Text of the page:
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4. Everett Ross: Captain Marvel Connections?

Martin Freeman’s CIA man Everett Ross is given much more to do in Black Panther than he did during his MCU debut in Captain America: Civil War, even getting to play the hero in the third act thanks to his skills as an ace pilot. It’s that detail specifically that elevates Ross above being just a silly presence in the film, as Shuri’s reading of Ross’ file makes it clear that he’s much more capable than his appearance would suggest.

Ross was a pilot before he joined up with the CIA and what’s interesting about this detail is that it was invented specifically for the movie. Considering Carol Danvers will be introduced to us as a young pilot in the upcoming Captain Marvel movie, is it possible that Ross has crossed paths with the Marvel heroine before? We’ll just have to wait and see …

3. Possible Doctor Strange Connection

For as good a villain Killmonger is, the film kind of just brushes over his big plan of arming Wakanda’s spies scattered around the world. That being said, there is an interesting Easter egg hidden in Killmonger’s plot and it has to do with the cells that accept his orders first. As noted, the forces in New York, London, and Hong Kong are all on standby, ready to attack and this would be seemingly throwaway bit of information were it not for the fact that those three cities are also home to Earth’s three Sanctum Sanctorums from Doctor Strange.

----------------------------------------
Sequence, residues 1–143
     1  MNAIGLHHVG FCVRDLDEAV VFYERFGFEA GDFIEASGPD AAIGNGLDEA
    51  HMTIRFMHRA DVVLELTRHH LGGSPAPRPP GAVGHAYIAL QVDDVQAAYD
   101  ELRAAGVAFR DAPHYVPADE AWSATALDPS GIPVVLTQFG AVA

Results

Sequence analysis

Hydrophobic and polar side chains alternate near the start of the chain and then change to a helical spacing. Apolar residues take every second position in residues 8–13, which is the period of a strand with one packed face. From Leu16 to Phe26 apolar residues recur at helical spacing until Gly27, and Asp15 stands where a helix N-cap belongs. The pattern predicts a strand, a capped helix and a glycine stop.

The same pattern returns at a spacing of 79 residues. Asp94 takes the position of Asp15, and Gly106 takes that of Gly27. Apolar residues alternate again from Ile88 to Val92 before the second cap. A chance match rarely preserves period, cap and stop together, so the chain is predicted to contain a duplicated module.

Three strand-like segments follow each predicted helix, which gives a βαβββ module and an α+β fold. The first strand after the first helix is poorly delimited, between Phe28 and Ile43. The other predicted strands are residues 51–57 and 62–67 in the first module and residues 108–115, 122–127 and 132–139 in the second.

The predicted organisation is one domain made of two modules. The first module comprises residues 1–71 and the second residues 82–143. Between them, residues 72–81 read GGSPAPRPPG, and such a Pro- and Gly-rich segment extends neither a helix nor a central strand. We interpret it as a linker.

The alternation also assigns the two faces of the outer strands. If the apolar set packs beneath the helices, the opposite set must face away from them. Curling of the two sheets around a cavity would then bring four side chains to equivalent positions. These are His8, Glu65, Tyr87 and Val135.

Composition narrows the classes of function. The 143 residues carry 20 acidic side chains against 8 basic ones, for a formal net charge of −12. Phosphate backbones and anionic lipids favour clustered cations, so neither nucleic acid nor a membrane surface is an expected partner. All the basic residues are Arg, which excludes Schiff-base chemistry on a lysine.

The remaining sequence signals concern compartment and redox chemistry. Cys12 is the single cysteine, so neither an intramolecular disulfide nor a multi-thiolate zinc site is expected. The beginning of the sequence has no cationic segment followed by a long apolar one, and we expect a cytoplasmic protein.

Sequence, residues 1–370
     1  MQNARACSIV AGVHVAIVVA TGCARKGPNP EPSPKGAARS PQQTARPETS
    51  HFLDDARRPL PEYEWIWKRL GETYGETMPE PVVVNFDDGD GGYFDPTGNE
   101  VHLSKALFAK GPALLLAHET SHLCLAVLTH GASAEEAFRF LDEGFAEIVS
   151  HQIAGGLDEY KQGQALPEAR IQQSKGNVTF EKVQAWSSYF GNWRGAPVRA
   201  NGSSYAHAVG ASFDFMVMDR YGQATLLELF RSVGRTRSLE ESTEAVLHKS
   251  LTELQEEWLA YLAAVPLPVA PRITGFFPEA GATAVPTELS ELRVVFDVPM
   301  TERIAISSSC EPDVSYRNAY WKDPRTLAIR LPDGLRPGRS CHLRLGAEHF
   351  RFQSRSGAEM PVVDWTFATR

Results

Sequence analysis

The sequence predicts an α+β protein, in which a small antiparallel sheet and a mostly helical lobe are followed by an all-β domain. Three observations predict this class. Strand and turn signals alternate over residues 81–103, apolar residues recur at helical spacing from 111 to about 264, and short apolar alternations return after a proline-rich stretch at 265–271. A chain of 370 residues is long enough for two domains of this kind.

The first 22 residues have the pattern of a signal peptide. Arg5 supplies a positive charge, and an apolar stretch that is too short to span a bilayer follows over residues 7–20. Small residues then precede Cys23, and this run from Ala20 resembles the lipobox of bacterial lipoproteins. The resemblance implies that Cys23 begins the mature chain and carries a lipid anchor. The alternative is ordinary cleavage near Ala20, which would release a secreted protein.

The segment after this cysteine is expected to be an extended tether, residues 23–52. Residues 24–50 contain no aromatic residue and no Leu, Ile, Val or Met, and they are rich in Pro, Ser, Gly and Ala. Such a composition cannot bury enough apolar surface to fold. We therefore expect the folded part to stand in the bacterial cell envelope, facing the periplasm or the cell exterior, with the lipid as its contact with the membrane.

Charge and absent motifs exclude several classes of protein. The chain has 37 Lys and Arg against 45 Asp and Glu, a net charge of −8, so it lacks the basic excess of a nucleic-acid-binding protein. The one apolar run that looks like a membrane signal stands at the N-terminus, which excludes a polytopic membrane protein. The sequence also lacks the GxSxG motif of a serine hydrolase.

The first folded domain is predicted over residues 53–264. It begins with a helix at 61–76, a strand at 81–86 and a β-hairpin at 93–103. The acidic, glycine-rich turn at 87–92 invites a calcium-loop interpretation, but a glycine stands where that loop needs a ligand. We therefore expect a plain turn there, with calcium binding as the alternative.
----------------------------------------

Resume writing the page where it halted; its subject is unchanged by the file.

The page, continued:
As we learned in that film, these three strongholds of mystical energy shield the Earth from threats, meaning that if Killmonger’s plan had been carried out, it could have spelled doom for the planet in more ways than one. It’s hard to know whether this was an intended nod on Ryan Coogler’s part to Scott Derrickson’s film or just a total coincidence, but we like to think that nothing is an accident in the MCU so we’re leaning towards the former.

Source: Marvel Studios

2. Moonlight Cameo

Ryan Coogler has gone on record praising Barry Jenkins’ work on his Academy Award-winning film Moonlight and notes that the filmmaker was a supportive voice for him when making Black Panther. Coogler returns the favor in a sense with Black Panther’s final scene set in Oakland, California. As Shuri is showing the local neighborhood children a Wakanda airship, there’s a small boy who gets the last line in the movie. That boy is none other than actor Alex R. Hibbert, who starred in Moonlight in one of the film’s three starring roles.


1. The White Wolf

On the surface, Black Panther’s final post-credits scene is a bit of a letdown. Showing Bucky Barnes alive and well in Wakanda after being put into a deep freeze at the end of Captain America: Civil War is pretty much exactly what we expected to happen since Bucky is featured in the trailers for Avengers: Infinity War. Plus, considering Black Panther is the final Marvel movie before Infinity War hits, it’s hard not to be disappointed that the film doesn’t do much else to set up the imminent arrival of Thanos.

Still, there is one interesting bit of information provided in the scene that may hint at something bigger to come. We learn that the children of Wakanda refer to Bucky as the “White Wolf,” which is the name given to an outsider stranded in Wakanda. However, it also signifies the person raised to eventually be T’Challa’s most trusted soldier, as the White Wolf becomes the head of the Wakandan secret police, which suggests that Bucky will be an important ally for Black Panther and the whole of Wakanda in Infinity War.